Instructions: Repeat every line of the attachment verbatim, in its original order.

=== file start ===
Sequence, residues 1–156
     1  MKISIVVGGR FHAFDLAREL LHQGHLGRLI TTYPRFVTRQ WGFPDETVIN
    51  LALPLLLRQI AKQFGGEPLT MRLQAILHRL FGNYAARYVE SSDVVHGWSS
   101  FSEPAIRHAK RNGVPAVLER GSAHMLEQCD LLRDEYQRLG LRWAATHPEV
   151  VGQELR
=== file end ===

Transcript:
Sequence, residues 1–156
     1  MKISIVVGGR FHAFDLAREL LHQGHLGRLI TTYPRFVTRQ WGFPDETVIN
    51  LALPLLLRQI AKQFGGEPLT MRLQAILHRL FGNYAARYVE SSDVVHGWSS
   101  FSEPAIRHAK RNGVPAVLER GSAHMLEQCD LLRDEYQRLG LRWAATHPEV
   151  VGQELR